Debbie Millman has an ongoing project at PRINT titled “What Matters.” This is an effort to understand the interior life of artists, designers, and creative thinkers. This facet of the project is a request of each invited respondent to answer ten identical questions and submit a nonprofessional photograph.
Jessica Katona is a Seattle-based Creative Director working at Landscape. She leads teams designing identities, websites, environments, products, printed matter, and visual content for ambitious clients in service of social good.
What is the thing you like doing most in the world?
I find great satisfaction in creating something with my own two hands. It could be a landscaping project in my backyard or experimenting with a new artistic medium. There is joy in getting lost in the physical act of making, and the tangible result at the end of it. I also love being outside, preferably on a sunny day, within proximity of some body of water. And yet I find myself sitting in front of a computer most days! Hmmm…
What is the first memory you have of being creative?
Most of my early memories are of me being creative. Name a craft and I was doing it— painting, sewing, collaging, sculpting, papermaking… the list goes on! My mom ended up having to dedicate a whole room in our house to the endless craft supplies I collected.
What is your biggest regret?
I’m a bit of an introvert and a bit of a perfectionist. When I was younger, there were many times when that translated to me not trying certain things out of fear of failure, especially in front of other people— whether it was playing a sport or speaking a foreign language. I regret not diving in and trying those new things sooner. And that’s a learning that I still have to remind myself of today sometimes.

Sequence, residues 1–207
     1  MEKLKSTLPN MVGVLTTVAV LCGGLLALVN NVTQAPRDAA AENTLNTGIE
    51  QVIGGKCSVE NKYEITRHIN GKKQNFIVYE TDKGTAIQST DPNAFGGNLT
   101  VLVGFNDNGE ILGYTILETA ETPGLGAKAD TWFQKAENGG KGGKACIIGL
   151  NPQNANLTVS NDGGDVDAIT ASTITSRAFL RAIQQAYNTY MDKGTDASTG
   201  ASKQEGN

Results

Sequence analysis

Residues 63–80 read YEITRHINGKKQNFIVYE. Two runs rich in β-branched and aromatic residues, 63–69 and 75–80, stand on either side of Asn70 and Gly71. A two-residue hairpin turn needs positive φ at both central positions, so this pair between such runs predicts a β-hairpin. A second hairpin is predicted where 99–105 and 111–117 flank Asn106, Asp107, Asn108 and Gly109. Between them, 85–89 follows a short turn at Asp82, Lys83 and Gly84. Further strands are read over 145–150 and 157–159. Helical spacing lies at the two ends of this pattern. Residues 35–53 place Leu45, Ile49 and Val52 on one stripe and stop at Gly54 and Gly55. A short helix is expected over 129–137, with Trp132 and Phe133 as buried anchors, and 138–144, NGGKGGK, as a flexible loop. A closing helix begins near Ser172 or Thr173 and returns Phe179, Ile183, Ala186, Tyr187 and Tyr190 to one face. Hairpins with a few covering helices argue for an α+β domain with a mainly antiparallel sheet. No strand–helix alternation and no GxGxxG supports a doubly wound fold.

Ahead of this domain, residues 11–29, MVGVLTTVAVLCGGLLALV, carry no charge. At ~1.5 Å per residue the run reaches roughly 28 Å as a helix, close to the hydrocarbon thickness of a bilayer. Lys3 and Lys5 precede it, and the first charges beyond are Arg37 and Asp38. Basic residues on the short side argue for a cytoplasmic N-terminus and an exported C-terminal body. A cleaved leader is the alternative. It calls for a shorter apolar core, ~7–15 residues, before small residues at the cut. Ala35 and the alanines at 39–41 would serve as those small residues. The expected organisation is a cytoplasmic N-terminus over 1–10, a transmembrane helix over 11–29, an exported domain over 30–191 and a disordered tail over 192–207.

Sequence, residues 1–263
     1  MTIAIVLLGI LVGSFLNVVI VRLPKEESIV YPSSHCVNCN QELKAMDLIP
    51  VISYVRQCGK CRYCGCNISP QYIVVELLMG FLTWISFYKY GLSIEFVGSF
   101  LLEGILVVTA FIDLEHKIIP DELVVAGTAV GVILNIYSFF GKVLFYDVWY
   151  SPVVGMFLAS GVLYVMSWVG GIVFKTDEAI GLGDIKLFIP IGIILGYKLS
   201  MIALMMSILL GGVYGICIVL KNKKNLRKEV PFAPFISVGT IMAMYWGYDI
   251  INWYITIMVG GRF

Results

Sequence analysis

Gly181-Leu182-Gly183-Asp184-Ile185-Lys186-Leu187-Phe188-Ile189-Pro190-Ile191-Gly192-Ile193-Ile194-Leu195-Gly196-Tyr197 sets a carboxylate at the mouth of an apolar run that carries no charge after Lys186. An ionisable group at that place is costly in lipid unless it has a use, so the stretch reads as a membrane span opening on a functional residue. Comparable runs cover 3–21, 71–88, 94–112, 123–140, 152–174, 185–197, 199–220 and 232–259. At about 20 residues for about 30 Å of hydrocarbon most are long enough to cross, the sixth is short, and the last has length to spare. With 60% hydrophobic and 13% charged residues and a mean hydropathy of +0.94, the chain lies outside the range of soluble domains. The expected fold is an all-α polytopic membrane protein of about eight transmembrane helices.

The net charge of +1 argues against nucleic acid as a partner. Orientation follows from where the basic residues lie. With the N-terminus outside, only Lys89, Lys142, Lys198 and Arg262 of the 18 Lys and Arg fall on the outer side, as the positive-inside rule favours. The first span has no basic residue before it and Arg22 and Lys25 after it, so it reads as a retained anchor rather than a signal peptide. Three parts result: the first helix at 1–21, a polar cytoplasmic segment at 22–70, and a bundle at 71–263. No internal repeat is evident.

How have you gotten over heartbreak?
Talking to others. Having a good, long cry. Being in nature.
What makes you cry?
Sometimes I bottle up my emotions, put on a brave face, keep trudging forward— and then it all comes to head in a moment of frustration, and all I can do is cry. It’s a release valve.
How long does the pride and joy of accomplishing something last for you?
By the time I’m completing one thing, I’m often already deep into the next thing. So usually the joy is fleeting! I should work on that.
Do you believe in an afterlife, and if so, what does that look like to you?
Truthfully, I don’t know what happens after we die. And at this moment, I’m okay with not knowing. But I do like the idea that after death, energy is transformed into something new.
What do you hate most about yourself?
I’ll reframe this as the thing I’d like to improve about myself— and that’s spending less time overthinking and worrying, and more time enjoying and doing.
What do you love most about yourself?
I like to think I’m a very compassionate person. I try to treat all living things with kindness and openness.
What is your absolute favorite meal?
It’s too hard to pick just one meal! I love to eat, and I love variety, but something I could eat everyday is soup. Soup is so comforting. Any kind of salty, spicy, tangy, brothy thing makes me happy— ideally paired with something crunchy for dunking.